Approaches to MACT Compliance

April 15, 2005
Managing environmental compliance becomes more complicated and cumbersome every year. Fortunately, there are experts available to help.

Beginning this year, the U.S. Environmental Protection Agency is conducting a three-year study of MACT compliance in association with the Clean Air Act.

For some companies, hiring an environmental consulting firm to manage all aspects of the details of the effort to bring a facility into compliance.

August Mack Environmental Services manages compliance efforts with a customized program known as eCAP (compliance assurance program). By managing the compliance process, August Mack engineers are responsible for every aspect — permit development, plan preparation, and routine report tracking — all without direct oversight and direction from the plant operators.

Most significant is this: August Mack guarantees its clients will achieve MACT compliance. Clients are not charged for those service costs if the plant fails to achieve compliance, the company stresses, nor will they pay any penalty for non-compliance. The client will not face the charges, or August Mack will pay the fine.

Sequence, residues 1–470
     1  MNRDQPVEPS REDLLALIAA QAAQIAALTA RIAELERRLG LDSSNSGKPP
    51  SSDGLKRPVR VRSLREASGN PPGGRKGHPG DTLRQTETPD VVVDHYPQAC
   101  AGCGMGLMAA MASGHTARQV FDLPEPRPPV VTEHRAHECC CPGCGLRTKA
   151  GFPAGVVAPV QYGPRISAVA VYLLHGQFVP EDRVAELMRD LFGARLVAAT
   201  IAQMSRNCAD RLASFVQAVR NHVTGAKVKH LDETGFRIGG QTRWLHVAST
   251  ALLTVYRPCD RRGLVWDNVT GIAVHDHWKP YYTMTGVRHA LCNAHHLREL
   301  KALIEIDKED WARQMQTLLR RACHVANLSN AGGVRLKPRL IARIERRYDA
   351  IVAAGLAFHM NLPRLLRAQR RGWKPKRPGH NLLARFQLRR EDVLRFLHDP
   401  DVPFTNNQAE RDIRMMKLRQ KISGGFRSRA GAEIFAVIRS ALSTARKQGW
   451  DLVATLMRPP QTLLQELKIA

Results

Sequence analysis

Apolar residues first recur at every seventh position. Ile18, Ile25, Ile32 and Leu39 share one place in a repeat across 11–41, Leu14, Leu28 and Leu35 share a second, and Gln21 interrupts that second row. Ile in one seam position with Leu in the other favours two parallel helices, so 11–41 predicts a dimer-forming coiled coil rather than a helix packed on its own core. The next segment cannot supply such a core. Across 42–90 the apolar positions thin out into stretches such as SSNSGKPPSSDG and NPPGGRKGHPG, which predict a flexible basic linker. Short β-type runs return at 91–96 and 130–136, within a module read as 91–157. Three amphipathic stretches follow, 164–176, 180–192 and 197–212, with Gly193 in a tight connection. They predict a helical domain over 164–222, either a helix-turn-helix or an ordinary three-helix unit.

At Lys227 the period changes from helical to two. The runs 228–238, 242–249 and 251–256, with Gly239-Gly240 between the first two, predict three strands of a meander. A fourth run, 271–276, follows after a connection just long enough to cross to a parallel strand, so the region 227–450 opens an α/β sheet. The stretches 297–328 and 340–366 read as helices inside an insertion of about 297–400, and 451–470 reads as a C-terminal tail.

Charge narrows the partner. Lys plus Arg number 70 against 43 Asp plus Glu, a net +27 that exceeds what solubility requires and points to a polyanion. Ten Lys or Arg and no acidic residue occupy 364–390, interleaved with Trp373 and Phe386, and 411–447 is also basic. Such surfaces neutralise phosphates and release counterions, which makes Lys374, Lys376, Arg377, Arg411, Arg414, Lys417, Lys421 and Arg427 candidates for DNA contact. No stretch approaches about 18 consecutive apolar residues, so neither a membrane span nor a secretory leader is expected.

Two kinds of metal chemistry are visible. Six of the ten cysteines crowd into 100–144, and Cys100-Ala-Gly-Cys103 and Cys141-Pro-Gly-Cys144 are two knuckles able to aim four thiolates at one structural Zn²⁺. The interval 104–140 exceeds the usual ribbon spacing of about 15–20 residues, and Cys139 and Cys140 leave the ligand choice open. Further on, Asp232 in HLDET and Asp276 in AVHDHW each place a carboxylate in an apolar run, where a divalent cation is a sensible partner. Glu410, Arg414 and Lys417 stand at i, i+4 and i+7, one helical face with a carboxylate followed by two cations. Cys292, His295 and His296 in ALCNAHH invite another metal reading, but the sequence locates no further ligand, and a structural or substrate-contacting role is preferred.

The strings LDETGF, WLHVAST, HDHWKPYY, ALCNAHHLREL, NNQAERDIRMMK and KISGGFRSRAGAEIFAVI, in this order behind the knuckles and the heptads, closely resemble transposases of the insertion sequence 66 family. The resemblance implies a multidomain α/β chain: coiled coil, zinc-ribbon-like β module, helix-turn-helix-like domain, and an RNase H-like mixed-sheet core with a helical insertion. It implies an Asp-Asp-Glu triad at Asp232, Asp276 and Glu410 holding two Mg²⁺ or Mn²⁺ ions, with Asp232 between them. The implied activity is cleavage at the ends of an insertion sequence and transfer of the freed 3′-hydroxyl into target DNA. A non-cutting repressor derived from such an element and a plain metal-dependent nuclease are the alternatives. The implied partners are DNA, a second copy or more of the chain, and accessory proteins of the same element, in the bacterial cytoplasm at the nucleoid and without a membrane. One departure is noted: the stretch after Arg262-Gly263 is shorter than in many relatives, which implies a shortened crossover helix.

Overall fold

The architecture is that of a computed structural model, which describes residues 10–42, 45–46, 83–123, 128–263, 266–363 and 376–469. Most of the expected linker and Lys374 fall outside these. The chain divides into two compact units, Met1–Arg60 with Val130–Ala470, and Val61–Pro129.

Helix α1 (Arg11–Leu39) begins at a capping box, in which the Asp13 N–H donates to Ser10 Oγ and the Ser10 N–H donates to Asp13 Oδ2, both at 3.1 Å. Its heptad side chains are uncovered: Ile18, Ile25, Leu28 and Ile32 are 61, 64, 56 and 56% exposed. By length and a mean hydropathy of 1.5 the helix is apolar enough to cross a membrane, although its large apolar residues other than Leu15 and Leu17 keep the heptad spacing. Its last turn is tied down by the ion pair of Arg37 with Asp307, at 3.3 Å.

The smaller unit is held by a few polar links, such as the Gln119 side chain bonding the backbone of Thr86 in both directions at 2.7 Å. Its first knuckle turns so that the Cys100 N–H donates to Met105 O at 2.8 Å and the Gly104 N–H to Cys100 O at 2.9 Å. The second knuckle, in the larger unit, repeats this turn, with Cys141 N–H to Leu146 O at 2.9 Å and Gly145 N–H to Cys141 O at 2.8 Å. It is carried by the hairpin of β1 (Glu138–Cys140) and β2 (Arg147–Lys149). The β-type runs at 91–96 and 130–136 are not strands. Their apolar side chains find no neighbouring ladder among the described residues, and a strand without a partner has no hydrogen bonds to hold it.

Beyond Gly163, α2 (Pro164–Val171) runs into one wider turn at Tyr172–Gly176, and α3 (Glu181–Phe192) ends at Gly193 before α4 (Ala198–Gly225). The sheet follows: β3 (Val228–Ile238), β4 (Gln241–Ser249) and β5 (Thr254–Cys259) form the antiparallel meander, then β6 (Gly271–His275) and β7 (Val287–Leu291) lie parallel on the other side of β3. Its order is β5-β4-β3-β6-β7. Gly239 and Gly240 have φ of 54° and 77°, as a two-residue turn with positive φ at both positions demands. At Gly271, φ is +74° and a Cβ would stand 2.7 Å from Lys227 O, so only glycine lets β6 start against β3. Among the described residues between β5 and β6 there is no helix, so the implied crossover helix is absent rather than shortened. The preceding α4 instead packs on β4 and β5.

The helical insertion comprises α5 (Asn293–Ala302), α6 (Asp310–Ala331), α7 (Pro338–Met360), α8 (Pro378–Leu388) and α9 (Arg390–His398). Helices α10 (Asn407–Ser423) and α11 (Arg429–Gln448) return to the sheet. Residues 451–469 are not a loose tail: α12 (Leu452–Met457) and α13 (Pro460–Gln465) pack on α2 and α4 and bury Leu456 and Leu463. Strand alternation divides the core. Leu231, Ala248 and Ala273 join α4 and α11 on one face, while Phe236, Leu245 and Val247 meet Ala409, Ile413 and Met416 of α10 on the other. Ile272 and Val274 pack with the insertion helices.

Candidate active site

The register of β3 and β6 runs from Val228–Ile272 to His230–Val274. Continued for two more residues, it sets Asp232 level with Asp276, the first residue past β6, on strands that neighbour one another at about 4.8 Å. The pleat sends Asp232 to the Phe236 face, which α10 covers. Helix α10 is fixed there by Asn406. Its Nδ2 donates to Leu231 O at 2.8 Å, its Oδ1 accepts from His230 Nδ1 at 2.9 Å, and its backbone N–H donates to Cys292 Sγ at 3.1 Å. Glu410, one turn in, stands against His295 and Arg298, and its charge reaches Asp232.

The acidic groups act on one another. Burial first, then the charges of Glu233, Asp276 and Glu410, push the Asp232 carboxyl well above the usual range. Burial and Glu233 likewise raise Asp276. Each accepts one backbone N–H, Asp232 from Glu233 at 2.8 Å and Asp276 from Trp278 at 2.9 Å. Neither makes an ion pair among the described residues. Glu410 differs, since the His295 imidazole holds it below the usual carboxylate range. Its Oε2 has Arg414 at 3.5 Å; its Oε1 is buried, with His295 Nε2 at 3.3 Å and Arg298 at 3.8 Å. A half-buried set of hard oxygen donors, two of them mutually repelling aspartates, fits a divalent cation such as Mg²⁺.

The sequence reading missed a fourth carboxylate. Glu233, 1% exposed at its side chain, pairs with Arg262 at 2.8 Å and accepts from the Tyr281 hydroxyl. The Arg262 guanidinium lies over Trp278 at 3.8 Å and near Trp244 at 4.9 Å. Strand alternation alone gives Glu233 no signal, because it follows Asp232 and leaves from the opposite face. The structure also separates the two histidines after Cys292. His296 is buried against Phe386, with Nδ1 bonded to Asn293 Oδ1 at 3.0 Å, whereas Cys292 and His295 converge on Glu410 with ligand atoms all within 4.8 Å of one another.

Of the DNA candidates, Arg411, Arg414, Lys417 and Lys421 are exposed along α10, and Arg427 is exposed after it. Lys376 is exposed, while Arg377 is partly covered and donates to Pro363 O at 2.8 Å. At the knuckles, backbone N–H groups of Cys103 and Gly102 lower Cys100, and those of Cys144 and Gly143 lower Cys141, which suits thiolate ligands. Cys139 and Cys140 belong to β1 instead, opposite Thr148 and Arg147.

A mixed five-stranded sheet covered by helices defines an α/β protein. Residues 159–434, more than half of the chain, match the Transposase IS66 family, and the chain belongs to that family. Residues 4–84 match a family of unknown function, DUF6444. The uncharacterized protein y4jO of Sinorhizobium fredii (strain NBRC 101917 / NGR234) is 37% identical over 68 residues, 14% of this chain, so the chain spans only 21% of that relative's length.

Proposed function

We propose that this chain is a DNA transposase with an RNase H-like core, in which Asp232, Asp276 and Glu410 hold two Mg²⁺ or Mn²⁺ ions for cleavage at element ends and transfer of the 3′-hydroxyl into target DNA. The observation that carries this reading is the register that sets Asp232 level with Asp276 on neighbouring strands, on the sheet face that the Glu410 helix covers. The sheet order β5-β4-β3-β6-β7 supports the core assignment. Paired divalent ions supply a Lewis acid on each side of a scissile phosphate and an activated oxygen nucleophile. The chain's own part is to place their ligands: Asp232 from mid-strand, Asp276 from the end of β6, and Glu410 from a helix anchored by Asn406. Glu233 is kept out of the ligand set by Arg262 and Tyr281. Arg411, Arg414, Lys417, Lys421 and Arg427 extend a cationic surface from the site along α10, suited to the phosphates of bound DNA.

Here’s how eCAP works. The client customizes its program by selecting modules to suit the area environmental health and safety (EH&S) needs of its facilities. Each module addresses a distinct issue and can be implemented individually, or in conjunction with any number of eCAP modules.

The base of the eCAP contract is the OSHA and environmental inspection module. It’s standard for all clients and it identifies any problems and provides means to solve them. Through regular communication and work with the plant personnel, and via regular on-site presence, August Mack engineers ensure consistent regulatory compliance and program improvement.

eCAP is different from other environmental consulting programs, says August Mack: The client’s EH&S staff continue with their routine duties while the eCAP engineers take control of the project, updating and briefing the client with a monthly point-by-point report.